B. Stimuli and procedure
The tones had a duration of 0.21, 1.0, or 2.0 s, including 10-ms rise/fall ramps. Thresholds for the detection of mistuning were measured using a 2I-2AFC task. In one randomly chosen interval, the harmonic complex was presented. The other interval contained the complex in which the 8th harmonic was randomly and with equal probability shifted up or down from its nominal frequency by ΔF. The two tones were separated by a 500-ms silent interval. Subjects indicated which of the two intervals contained the complex with the mistuned harmonic and received visual feedback as to whether their answer was correct. A 3-down 1-up rule tracking 79% correct was used. In preliminary testing subjects reported that in the diotic condition they detected the mistuning on the basis of beats. Because beats are most salient, i.e., the fluctuation strength is highest, for rates around 4–5 Hz (Terhardt, 1968; Fastl, 1983; Kohlrausch et al., 2000), the starting value of the mistuning was set to ±0.1% and ±0.7% of the F0 for the high and the low F0, respectively; this gave shifts of about 2 Hz for the two F0s. The same starting mistuning was used in the dichotic condition, even though the thresholds were expected to be higher. The initial step size was a factor of two. The step size decreased to a factor of 1.41 after two reversals and to a factor of 1.2 after four reversals. Eight reversals were collected at the smallest step size, and the threshold was taken as the geometric mean of the frequency shifts at the last eight reversals. The final threshold was the geometric mean of the thresholds from six adaptive tracks, except for subject 4, for whom only three adaptive tracks were collected in the dichotic conditions, due to time constraints.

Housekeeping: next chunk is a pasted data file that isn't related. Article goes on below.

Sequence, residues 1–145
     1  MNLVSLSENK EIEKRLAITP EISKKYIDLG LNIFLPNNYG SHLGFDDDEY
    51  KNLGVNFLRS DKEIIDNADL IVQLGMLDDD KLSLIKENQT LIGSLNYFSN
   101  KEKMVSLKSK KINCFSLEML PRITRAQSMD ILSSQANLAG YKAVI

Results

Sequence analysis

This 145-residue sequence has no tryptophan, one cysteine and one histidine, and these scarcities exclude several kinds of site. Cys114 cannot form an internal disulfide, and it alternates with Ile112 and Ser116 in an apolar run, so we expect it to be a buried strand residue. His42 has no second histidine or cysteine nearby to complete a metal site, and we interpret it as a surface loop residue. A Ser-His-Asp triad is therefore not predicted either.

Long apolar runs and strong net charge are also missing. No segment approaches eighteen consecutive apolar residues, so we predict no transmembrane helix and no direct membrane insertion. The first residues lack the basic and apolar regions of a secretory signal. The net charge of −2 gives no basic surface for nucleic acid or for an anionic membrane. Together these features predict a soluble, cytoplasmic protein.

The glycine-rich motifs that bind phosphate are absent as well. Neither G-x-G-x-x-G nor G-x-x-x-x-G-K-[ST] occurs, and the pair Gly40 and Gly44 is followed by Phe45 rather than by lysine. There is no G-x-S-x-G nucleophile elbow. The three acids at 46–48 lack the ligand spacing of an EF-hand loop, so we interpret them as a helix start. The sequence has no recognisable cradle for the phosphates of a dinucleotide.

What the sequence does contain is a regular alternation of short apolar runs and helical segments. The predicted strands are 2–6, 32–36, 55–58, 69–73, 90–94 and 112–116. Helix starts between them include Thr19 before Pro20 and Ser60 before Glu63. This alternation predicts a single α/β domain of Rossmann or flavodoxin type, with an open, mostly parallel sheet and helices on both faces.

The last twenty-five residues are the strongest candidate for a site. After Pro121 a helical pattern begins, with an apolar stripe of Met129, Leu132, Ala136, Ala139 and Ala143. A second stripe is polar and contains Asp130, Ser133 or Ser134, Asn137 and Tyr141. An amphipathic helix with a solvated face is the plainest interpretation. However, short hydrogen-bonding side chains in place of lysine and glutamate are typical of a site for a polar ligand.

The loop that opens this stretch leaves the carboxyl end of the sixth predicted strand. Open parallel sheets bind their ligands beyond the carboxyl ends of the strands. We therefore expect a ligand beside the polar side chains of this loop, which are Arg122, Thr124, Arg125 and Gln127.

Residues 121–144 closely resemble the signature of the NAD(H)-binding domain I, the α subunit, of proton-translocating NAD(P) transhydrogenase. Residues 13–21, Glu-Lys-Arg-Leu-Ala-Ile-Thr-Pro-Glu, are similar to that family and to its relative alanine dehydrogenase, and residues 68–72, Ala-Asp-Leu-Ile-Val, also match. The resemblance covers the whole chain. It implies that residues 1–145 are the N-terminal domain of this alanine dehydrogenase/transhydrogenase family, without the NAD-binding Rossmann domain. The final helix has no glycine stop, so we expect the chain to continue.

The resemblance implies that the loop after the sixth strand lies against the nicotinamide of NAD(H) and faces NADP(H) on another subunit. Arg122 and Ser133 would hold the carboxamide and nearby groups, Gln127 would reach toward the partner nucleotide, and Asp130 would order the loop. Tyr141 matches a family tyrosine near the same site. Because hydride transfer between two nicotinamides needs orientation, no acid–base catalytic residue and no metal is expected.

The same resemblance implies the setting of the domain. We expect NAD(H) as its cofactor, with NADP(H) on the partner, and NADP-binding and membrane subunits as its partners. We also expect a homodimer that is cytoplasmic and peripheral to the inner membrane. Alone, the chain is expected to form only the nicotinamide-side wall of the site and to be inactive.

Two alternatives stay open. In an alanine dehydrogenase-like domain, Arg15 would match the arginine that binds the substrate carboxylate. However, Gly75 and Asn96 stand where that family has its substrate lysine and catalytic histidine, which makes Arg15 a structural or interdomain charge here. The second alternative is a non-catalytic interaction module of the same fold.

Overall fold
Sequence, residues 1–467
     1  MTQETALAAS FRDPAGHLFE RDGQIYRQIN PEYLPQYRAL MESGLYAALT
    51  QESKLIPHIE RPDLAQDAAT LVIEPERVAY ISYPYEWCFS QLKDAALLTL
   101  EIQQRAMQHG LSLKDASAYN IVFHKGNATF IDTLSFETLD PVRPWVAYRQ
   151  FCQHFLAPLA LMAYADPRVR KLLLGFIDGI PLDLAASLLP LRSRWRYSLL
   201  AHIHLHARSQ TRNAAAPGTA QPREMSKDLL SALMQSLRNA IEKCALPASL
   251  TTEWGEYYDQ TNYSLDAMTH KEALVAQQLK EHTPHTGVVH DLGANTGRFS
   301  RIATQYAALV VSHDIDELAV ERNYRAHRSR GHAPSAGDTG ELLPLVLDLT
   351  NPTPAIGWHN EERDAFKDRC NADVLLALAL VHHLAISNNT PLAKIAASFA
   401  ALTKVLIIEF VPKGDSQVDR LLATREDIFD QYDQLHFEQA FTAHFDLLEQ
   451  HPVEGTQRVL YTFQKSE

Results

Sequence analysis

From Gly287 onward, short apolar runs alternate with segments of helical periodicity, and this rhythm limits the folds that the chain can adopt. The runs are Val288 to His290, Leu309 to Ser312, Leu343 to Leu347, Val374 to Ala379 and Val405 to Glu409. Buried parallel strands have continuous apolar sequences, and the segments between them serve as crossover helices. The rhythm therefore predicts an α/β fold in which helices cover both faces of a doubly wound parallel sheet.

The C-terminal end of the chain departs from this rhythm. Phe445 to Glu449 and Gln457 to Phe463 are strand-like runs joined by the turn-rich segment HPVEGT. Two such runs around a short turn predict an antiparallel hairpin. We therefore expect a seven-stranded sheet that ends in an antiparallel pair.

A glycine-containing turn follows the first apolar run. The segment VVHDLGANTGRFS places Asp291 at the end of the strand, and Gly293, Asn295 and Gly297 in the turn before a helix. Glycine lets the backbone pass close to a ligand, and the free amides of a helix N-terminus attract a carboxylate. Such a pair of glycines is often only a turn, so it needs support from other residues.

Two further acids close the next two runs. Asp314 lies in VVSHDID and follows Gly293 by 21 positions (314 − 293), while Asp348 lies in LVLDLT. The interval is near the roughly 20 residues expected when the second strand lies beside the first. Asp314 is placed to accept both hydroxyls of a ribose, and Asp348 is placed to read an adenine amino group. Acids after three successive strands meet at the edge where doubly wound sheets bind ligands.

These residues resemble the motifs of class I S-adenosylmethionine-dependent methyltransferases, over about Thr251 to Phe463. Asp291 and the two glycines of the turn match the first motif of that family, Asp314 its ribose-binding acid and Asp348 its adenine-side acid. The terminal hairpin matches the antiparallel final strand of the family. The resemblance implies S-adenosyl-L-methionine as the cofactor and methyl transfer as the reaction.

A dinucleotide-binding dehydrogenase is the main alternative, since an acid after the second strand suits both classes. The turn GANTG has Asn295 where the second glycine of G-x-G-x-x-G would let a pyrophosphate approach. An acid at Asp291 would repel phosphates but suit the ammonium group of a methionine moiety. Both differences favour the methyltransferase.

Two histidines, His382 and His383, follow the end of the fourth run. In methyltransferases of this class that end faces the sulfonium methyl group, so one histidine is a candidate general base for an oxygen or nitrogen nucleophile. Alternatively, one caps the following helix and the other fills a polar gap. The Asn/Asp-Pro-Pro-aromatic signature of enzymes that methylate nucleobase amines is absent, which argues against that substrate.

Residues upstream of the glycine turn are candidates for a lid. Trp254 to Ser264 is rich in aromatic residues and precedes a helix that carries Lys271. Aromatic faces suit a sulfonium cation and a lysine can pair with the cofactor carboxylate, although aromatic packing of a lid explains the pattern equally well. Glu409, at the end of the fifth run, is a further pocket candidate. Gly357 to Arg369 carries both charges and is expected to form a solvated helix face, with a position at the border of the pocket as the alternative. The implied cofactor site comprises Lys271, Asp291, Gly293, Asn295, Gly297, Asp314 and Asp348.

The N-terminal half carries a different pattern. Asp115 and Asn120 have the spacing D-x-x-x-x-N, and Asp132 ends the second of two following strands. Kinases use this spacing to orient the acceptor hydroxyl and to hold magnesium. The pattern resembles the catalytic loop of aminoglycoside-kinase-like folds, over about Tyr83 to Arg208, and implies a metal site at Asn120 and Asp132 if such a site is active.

The maximum frequency shift was limited to 50% of the F0, to avoid the mistuned component getting close to one of its neighboring components. If the adaptive procedure required a mistuning larger than 50%, it was set to 50%, and if this happened more than six times in a row, the track was aborted and the threshold for that track was set to 50%. This happened mainly for the high F0 in the dichotic condition. In addition, the threshold was set to 50% for all completed individual tracks in which the upper limit for ΔF of 50% was reached more than once for the 1400-Hz F0 and more than twice for the 280-Hz F0. The different rule for the two F0s was chosen because the starting ΔF as a factor was closer to the upper limit for the low F0 than for the high F0, and therefore the upper limit was more likely to be hit by chance for the low F0. The final threshold across all tracks was set to 50% if half or more of the tracks gave a threshold of 50%. Simulations of random responses showed that with these settings, the probability of obtaining a final threshold value that was smaller than 50% of the F0 by chance was less than 1%.
All subjects (except subject 4, who finished one practice track for each condition) received training until performance seemed to be stable, which took approximately 4 h. These data were discarded. The presentation order of the 12 conditions was quasi-random and counterbalanced across subjects. Three tracks were obtained within a condition before the next condition was run. For the experiment proper, data collection took on average about four to five sessions of two hours each (including breaks) for each subject.
C. Results and discussion
Figure 1 shows thresholds for the detection of mistuning of the 8th harmonic (in Hz) as a function of the duration of the complex tone. Panels (A)–(H) show thresholds for each of the eight subjects. Cases where individual-track thresholds at 50% contributed to the final threshold estimate are marked with an upward-pointing arrow, as the true threshold might be underestimated. The geometric mean thresholds across all subjects are shown in Fig. 2. The black horizontal solid and dashed lines indicate the upper limit of mistuning at 50% of the low and of the high F0 in Hz, respectively. The pattern of thresholds across conditions was similar for most subjects.